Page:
Armin van Buuren: ‘I’m just trying to see where I can go, how far I can stretch the boundaries of trance’
Armin van Buuren was setting the template for EDM (electronic dance music) long before that unfathomable acronym existed. Not only a superstar DJ – we’ve had them since the 1990s – he is a specialist in spectacle, known for the kind of laser-flashing theatrics that have come to define the genre’s sudden explosion in the past half-decade.
For a while, he was untouchable, winning DJ Mag’s influential public poll five times between 2007 and 2012, and serving up unrivalled, high-spec conceptual live shows while half of the current crop of globetrotting DJs were still in school.
The electronic-music landscape has experienced some tectonic fissures since the Dutch decksmith unveiled his first Armin Only concept, in 2005 – a then-revolutionary stage show augmenting van Buuren’s typically epic trance sets with an expanse of striking strobes, bursting smoke, strutting dancers and guest vocalists.
Today, all that is de rigueur for any A-list DJ – and Van Buuren’s response has been to go bigger. His latest four-hour show, Armin Only Embrace, kicked off in Amsterdam this month. It ramps things up to 11 with a diverse cast of seven featured artists of notable solo fame – including rapper Mr Probz, jazz trumpeter Eric Vloeimans and rock band Kensington – plus eight dancers and a raft of eye-popping effects.
“Having 35 people on the road with us – live singers, band, trumpeter, dancers – and all that blended together in one show, that’s never been done. Never,” says the show’s designer Sander Reneman.
Van Buuren, 39, is certainly taking things seriously. Rather than resting up before the big opening gig at Amsterdam’s Ziggo Dome on May 6, which will keep him on the decks until 4am, he fusses about the sound onstage and is spotted later, backstage, head bopping along to music from his headphones, searching for last-minute setlist additions.
When we sit down to talk, van Buuren rates his own anxiety level at six out of 10. Hopefully by the time the show arrives at Meydan on Friday, May 20 – only the second international stop on a tour slated to keep him on the road for 18 months – those levels will be significantly lower.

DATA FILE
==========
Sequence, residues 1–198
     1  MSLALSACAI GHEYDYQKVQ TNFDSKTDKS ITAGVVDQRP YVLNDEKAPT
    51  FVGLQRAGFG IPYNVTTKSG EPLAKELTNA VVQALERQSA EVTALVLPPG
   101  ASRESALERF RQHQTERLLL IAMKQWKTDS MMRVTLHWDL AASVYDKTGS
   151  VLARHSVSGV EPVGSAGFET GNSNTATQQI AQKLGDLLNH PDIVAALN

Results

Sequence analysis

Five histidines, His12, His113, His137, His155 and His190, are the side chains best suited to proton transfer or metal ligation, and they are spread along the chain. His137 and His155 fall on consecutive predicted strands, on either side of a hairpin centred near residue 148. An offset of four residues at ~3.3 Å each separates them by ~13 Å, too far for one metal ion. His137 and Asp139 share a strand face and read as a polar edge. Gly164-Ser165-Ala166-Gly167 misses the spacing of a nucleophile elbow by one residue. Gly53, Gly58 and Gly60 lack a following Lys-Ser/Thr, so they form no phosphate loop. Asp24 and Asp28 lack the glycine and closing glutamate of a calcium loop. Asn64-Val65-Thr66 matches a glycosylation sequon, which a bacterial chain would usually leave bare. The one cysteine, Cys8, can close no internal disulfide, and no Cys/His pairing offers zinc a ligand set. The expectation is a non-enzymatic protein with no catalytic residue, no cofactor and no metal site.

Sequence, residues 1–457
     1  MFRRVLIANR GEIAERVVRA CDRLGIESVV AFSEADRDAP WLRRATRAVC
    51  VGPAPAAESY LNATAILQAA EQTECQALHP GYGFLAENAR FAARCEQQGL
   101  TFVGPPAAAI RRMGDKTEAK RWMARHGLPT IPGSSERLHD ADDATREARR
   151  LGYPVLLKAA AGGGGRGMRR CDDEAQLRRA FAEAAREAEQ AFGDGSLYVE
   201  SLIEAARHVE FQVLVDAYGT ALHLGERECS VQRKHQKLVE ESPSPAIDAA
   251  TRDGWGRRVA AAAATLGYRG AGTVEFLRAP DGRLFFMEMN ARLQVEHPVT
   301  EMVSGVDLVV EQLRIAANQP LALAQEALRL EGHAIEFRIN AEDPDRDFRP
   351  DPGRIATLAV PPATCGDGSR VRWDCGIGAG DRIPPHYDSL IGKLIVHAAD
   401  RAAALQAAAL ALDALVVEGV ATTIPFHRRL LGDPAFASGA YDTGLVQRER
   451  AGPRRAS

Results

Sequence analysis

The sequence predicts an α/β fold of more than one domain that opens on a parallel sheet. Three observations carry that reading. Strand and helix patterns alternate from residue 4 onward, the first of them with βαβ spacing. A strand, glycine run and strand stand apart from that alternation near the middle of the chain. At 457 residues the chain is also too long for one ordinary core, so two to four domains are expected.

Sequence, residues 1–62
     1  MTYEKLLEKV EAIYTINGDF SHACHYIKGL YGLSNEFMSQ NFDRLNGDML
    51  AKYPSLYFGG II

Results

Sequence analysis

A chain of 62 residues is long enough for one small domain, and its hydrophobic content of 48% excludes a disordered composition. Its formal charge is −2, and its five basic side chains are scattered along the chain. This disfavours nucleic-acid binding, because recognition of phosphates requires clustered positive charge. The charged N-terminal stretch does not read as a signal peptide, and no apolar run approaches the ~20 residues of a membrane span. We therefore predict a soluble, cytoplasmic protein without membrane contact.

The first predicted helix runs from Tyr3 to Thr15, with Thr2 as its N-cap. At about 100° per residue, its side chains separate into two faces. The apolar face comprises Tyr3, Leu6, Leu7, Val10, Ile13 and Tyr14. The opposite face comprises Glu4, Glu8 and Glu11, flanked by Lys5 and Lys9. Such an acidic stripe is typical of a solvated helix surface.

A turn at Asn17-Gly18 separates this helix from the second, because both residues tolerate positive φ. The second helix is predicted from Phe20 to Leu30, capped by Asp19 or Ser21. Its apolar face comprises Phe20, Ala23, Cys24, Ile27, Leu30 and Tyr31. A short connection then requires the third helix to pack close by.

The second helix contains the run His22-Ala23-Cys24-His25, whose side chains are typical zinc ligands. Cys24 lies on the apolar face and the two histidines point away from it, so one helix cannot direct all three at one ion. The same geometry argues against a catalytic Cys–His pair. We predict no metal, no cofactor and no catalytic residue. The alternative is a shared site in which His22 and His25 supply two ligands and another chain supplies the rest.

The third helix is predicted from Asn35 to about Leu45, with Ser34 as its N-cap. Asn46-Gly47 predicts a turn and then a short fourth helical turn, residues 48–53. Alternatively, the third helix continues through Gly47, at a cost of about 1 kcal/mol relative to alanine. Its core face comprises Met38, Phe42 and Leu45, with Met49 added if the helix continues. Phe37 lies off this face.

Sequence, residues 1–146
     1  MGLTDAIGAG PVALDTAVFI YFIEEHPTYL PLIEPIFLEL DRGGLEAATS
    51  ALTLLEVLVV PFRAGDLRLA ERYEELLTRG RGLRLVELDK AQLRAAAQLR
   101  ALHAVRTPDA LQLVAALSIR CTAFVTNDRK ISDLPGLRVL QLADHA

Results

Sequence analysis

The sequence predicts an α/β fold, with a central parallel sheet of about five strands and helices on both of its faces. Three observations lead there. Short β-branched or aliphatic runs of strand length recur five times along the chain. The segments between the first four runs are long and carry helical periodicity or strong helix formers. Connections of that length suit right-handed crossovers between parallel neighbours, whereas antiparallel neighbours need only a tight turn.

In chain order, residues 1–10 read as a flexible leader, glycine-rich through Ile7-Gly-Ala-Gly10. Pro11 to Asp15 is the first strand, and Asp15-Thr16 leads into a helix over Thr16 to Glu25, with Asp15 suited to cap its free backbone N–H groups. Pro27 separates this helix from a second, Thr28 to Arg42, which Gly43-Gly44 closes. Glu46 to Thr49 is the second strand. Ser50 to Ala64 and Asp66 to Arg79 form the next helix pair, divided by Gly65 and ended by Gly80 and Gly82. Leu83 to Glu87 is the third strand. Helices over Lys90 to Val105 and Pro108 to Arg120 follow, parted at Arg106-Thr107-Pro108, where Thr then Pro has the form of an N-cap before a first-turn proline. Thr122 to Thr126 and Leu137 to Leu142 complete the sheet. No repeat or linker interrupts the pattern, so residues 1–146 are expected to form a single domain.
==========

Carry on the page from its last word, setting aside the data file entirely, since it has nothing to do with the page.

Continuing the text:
You’ve been rehearsing this tour for three weeks – how easy is it to maintain the spontaneity of a DJ set with so many prepared elements?
I just really, really want to stress that it’s not a preprogrammed set. I know my opening two tracks – but after that, it’s just free-styling.
So if I come tonight, and again tomorrow, how much of the set would I hear twice?
Right now, I played around 20 per cent different between the two [private] tryouts last week. It could be 40 per cent, it could be 60 per cent – it’s up to me, right? It’s completely open –the only thing we pre-programme are individual songs, but I still decide when, and if, I play them.
Last time we spoke, backstage at the 2014 Abu Dhabi Grand Prix, you said you didn’t want to go down the typical guest-heavy, post-Guetta, EDM route – but with so many diverse featured artists, in many ways this album and tour have done just that.
I disagree with you, completely – Eric Vloeimans is not a choice that would be obvious. No disrespect to David Guetta, but that’s not who I am – I tried to find collaborations which were not the ones you would expect. It’s not just sticking names up.
What made you want to make such a radical departure at this point in your career?
I don’t think it’s a radical departure, it’s just a natural progression. As an artist, I was a little bit fed up with being formulaic – that’s when your career dies, when the passion goes away. I know it would be very easy to make a follow-up to In and Out of Love or This is What if Feels Like – just grab the same kickdrum, change the piano chords a little bit, copy the drop of an EDM record, and then you have another hit. I’m trying to find ways to make it more interesting for me – not even necessarily for my fans, even though they’re very dear to me. I’m just trying to see where I can go, how far I can stretch the boundaries of trance.
Some EDM fans have suggested that you are turning your back on trance. What’s your response to that?
What you’re stating is a point of view – I’ve not turned my back on trance in any way. That’s my safety zone, and in many ways I feel I’m still way too safe in my own margin. If I was to just make 138 [bpm] tracks for the rest of my life, it would bore me to death. I understand that some of my loyal fans are maybe disappointed with some of the choices that I’ve made – but that’s actually a compliment, because that means in the past they were really pleased with something I did. That’s why we have records, so you can go back and listen. So thank you for your support at that time – but I want to move on as an artist and do a little bit of an experiment.
• Armin Only Embrace is at Meydan Dubai on Friday, May 20 from 8pm. Remaining tickets from Dh499, with an open bar. See www.arminonlydubai.com.